As Italy observed the religious holiday of All Saints' Day Tuesday, earthquake aftershocks again hit the central region, where thousands of people were left homeless by a 6.6-magnitude tremor that destroyed centuries-old towns on the weekend.
Aftershocks were coming at a rate of several per hour in the mountainous region 100 kilometers north of Rome, Italy's national geological institute said.
More than 1,100 tremors have been registered since Sunday's quake, the strongest to hit Italy in 36 years.
Macerata, Perugia, Castel Santangelo sul Nera, Visso, Ussita and Norcia, Italy
The strongest aftershock, at magnitude-4.8, hit at about 9:00 a.m. (local time) Tuesday morning and caused buildings to collapse in Ancona and Perugia, Italian news agency ANSA reported. It was felt as far away as Rome.
Firefighters take care of a woman following an earthquake in Norcia, Italy, Oct. 30, 2016.
15,000 people are in need of housing, according to Italian civil protection officials, in addition to the 2,000 who remained displaced from the first quake in August, which left 300 dead.
The civil protection agency estimates that a total of about 100,000 people have been affected in some way by Sunday's quake.
Officials visit area
Prime Minister Matteo Renzi went to Perugia Tuesday and President Sergio Mattarella is expected to visit affected areas Wednesday.
Renzi unveiled plans Monday to rebuild large swaths of mountainous central Italy. Among the key provisions is the promise to provide shipping containers for people to live in while permanent housing is constructed.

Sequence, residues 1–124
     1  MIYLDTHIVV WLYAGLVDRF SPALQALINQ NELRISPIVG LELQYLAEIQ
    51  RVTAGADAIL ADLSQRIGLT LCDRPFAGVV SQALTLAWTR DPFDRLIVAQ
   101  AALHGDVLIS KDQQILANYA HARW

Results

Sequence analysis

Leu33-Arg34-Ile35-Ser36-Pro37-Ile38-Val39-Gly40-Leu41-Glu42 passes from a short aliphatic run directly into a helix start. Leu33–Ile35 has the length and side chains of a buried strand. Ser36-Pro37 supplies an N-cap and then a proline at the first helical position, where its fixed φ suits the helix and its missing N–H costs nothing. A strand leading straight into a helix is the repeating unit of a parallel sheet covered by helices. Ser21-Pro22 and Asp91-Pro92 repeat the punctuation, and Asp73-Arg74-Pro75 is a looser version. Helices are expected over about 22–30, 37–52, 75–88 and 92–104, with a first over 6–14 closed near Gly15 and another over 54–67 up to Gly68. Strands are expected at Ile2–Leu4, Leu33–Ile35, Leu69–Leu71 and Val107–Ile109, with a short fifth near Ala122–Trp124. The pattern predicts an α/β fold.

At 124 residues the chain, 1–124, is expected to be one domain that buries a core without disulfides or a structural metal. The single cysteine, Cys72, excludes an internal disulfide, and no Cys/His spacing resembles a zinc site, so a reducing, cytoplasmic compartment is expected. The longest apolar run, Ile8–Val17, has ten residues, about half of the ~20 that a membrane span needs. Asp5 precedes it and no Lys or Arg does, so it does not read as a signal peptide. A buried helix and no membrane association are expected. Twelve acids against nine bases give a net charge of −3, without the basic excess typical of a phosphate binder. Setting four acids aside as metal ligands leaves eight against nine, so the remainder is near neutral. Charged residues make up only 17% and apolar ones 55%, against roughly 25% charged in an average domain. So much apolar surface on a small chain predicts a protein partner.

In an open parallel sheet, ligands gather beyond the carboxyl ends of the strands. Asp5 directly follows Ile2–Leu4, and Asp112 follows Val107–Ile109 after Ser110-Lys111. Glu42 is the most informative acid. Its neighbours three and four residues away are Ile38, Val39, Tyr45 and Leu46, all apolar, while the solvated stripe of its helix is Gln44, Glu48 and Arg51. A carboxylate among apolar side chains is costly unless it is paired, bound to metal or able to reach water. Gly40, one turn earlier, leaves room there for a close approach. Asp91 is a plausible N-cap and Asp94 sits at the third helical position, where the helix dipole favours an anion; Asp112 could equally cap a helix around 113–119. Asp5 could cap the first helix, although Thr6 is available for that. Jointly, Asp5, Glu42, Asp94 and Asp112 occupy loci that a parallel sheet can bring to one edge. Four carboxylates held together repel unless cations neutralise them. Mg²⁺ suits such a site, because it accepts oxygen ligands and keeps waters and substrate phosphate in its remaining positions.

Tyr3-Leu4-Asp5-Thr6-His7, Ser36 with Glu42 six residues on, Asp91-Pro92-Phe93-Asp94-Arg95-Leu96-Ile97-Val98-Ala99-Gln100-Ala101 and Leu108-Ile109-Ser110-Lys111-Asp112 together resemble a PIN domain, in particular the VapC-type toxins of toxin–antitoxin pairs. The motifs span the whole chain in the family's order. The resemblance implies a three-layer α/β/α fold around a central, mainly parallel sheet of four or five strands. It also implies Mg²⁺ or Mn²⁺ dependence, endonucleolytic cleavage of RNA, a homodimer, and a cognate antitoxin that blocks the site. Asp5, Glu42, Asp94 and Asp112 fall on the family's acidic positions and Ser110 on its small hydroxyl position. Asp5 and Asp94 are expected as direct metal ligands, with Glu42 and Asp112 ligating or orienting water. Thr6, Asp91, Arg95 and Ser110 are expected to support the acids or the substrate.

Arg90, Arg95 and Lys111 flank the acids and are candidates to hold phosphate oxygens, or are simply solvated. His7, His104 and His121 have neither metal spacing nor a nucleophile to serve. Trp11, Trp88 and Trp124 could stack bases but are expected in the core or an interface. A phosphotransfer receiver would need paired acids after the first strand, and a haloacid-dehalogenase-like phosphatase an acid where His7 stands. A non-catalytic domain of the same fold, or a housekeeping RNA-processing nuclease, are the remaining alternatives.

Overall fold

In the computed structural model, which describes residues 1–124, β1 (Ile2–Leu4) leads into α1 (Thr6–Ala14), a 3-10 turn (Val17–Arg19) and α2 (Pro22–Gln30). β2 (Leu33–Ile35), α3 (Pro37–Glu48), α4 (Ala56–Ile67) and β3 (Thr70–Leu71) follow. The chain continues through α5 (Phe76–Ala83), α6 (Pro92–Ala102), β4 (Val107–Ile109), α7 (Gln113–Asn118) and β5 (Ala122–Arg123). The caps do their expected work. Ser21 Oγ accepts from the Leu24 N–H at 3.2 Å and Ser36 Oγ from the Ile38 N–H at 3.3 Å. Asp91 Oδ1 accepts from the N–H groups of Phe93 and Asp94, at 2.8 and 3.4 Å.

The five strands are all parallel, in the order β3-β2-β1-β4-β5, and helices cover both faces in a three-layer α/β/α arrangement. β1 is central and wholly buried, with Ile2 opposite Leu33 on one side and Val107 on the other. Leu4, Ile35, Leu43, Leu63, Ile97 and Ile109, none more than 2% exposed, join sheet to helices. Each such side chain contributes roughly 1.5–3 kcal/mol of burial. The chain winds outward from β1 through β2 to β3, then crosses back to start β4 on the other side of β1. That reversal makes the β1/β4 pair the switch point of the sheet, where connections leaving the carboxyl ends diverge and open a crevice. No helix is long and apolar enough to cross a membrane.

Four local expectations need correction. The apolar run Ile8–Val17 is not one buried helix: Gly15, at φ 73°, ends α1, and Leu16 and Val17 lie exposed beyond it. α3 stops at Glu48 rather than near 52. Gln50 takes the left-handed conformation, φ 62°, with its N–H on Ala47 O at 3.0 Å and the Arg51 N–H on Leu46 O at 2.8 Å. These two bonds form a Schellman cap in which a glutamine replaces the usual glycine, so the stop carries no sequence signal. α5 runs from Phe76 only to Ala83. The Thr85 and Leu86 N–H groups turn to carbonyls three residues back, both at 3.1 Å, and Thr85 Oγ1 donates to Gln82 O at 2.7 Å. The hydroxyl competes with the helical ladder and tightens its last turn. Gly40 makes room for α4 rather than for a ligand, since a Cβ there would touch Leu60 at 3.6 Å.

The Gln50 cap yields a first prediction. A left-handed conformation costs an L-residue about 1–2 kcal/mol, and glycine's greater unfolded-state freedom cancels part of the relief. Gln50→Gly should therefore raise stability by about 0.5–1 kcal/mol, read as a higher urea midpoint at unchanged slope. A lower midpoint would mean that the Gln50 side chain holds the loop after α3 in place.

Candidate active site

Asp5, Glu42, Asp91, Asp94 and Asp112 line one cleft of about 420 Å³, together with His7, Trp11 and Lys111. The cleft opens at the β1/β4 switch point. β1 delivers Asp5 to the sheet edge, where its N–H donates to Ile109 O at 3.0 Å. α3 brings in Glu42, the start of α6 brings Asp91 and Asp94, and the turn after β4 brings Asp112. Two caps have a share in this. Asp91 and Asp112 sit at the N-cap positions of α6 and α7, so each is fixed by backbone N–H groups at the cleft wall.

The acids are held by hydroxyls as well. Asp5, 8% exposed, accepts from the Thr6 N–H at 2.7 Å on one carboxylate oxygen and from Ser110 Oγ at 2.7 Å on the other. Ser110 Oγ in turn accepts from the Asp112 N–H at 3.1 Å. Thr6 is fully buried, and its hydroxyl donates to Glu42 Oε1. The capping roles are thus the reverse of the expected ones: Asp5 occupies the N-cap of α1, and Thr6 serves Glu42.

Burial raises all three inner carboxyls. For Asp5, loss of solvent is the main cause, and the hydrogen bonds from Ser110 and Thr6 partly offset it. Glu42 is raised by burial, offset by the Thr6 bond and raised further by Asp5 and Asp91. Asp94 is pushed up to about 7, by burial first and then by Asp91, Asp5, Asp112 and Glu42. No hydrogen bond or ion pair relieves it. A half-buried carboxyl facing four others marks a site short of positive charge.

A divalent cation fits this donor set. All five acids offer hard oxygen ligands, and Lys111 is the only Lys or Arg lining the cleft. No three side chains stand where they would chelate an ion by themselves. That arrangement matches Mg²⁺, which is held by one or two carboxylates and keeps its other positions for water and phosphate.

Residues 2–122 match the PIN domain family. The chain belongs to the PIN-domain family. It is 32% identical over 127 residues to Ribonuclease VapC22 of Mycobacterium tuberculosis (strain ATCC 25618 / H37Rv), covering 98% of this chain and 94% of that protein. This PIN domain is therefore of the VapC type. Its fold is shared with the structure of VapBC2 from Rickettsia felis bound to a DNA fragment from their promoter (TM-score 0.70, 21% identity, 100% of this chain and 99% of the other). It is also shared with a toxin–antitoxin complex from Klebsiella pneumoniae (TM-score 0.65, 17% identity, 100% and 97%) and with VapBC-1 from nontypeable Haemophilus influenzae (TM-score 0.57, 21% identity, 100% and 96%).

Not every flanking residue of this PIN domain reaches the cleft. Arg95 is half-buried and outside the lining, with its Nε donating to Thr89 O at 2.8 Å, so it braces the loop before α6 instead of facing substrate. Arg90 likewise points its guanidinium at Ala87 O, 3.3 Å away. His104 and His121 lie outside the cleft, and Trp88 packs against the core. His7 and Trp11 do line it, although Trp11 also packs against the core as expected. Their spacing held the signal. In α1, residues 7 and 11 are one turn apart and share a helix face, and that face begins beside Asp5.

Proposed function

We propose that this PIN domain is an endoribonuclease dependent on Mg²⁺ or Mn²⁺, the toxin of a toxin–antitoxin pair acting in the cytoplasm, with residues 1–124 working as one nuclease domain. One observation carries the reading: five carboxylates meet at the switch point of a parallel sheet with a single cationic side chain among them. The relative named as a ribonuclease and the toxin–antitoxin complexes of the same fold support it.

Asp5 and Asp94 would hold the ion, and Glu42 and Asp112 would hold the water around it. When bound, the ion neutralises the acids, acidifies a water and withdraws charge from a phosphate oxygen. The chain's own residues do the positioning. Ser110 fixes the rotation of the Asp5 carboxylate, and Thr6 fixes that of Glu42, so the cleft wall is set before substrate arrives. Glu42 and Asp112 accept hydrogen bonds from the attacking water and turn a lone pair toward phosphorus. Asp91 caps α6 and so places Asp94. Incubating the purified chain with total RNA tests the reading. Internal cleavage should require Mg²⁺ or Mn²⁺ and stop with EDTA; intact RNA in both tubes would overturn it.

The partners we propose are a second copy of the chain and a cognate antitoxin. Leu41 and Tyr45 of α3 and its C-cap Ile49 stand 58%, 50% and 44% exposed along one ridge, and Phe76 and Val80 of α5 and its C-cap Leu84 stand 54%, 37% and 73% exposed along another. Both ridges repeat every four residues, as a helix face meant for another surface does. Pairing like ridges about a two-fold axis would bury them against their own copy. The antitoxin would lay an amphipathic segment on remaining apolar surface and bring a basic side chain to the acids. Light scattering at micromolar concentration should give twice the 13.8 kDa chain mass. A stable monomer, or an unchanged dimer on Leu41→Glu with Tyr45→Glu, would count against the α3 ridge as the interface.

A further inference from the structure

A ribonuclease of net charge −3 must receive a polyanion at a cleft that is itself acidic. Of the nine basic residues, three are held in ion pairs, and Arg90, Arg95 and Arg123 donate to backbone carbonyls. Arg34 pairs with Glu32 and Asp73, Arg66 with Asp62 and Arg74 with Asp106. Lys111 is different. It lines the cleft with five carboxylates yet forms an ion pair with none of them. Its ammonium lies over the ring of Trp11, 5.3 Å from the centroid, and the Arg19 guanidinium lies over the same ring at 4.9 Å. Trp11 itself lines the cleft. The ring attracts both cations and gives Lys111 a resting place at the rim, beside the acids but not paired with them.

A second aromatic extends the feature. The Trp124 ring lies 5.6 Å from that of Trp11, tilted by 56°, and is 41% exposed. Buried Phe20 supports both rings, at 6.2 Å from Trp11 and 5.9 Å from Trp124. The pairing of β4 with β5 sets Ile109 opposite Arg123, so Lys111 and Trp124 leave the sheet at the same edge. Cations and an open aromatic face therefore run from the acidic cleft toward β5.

Renzi said the shipping containers will be in place by December, and he said residents can expect new wooden house construction to be completed by mid-2017.
Renzi spoke in Rome, as the scope of Sunday's 6.6 magnitude quake became evident, and as emergency workers scrambled to provide immediate aid to thousands of residents already traumatized by smaller temblors last week.
Pledge to rebuild
"We will rebuild everything," Renzi vowed, describing the culturally significant areas northeast of Rome as "territories of beauty."
No deaths or serious injuries have been reported, largely, authorities say, because so many residents of the region were relocated after the August 24 earthquake that rocked Amatrice.
An aerial view of the destroyed hilltop town of Amatrice after an earthquake with a preliminary magnitude of 6.6 struck central Italy, Oct. 30, 2016.
The epicenter of Sunday's quake was 70 kilometers southwest of the central city of Perugia and close to the town of Norcia, where already skittish residents saw churches and the 14th century Basilica of St. Benedict heavily damaged on Sunday. A historic cathedral known for its 15th century frescoes also was destroyed.
An estimated 4,000 people in and around Norcia have been relocated to hotels on the Adriatic coast, where they joined more than 1,000 others still displaced by the Amatrice quake in August.